Hugging infants can actually alter their DNA

Maple Bear

Valentine Day is typically associated with romantic love, but the purest and most valuable iteration of this emotion is, without a doubt, between a parent and child. Researchers at the British Columbia Children's Hospital have found that hugging infants can actually alter their DNA - revealing, that "in humans the simple act of touching, early in life, has deeply-rooted and potentially lifelong consequences on genetic expression."

According to an article published by the University of British Columbia Faculty of Medicine, children who had experienced greater distress as infants exhibited an underdeveloped molecular profile in their cells by age 5. Distress in infants is caused by a lack of bodily contact from adult caregivers, and excessive periods of neglect and unattended crying.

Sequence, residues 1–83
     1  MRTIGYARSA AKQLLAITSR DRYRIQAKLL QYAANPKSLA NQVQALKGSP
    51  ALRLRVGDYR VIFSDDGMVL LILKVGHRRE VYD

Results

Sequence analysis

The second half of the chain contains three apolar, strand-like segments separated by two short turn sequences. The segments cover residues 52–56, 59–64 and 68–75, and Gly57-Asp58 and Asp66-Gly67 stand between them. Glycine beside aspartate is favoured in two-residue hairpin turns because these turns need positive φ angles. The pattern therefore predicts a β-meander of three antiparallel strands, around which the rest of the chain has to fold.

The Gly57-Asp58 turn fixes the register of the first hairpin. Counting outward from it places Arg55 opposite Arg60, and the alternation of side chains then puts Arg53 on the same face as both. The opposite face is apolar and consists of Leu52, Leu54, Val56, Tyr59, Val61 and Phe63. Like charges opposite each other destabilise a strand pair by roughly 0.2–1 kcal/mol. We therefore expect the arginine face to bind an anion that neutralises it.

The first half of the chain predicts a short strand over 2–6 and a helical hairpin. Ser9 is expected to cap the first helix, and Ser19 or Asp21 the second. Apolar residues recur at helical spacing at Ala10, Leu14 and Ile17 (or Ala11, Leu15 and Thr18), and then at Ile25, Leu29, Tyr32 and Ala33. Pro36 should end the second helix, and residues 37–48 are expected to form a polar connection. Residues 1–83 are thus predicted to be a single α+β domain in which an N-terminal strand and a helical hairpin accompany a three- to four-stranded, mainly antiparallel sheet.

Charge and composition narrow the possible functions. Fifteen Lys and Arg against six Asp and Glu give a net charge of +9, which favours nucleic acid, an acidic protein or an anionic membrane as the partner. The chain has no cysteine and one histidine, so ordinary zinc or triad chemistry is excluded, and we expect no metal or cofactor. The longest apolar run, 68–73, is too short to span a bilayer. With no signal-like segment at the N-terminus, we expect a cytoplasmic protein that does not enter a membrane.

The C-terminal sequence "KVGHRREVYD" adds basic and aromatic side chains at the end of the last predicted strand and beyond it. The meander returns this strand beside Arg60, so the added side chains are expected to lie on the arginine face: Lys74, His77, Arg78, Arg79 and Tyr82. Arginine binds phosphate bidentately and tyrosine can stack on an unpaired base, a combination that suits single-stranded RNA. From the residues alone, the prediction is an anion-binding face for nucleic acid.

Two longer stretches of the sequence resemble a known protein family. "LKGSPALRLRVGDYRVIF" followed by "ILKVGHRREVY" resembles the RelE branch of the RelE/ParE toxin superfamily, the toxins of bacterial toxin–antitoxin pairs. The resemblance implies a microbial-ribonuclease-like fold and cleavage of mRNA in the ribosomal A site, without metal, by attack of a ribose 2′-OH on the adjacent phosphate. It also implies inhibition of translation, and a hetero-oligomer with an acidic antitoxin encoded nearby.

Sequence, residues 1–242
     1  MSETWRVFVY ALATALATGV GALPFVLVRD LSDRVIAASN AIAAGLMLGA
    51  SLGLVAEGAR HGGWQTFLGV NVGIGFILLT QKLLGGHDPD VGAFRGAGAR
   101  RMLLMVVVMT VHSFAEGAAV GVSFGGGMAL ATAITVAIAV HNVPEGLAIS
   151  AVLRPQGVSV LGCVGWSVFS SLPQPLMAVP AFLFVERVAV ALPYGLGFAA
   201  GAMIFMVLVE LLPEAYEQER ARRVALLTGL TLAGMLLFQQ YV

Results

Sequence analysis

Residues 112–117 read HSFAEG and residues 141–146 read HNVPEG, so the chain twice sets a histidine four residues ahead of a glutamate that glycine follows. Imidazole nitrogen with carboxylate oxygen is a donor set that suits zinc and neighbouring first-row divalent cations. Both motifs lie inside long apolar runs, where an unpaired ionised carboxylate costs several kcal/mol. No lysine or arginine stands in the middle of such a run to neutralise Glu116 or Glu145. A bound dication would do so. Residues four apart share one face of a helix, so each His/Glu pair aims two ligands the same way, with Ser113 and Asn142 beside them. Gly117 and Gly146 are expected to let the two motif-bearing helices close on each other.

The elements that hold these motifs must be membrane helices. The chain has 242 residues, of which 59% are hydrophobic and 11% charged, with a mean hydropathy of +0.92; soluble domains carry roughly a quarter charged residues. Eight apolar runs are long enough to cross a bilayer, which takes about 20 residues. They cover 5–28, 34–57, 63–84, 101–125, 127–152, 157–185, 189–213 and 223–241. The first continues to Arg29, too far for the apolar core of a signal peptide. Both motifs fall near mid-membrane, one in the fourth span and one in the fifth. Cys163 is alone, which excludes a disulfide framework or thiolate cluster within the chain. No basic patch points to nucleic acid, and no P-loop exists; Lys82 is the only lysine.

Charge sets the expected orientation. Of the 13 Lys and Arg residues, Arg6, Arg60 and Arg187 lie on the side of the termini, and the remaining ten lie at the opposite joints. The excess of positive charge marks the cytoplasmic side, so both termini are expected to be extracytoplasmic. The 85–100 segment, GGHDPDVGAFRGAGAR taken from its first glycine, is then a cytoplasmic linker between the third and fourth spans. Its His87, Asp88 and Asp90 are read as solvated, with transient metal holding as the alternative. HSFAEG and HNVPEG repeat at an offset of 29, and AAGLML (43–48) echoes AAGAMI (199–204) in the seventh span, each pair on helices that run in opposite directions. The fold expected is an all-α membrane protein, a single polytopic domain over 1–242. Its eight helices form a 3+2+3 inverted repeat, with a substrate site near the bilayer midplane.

The implications of the underdeveloped cellular makeup are not minor, with effects in both biological and psychological development, indicating a possibility of poor overall health of the child over the longer term. A follow up study will be undertaken by the research team to determine the magnitude of the implications of the “ ‘biological immaturity’ … in these children ... for their health, especially their psychological development.”

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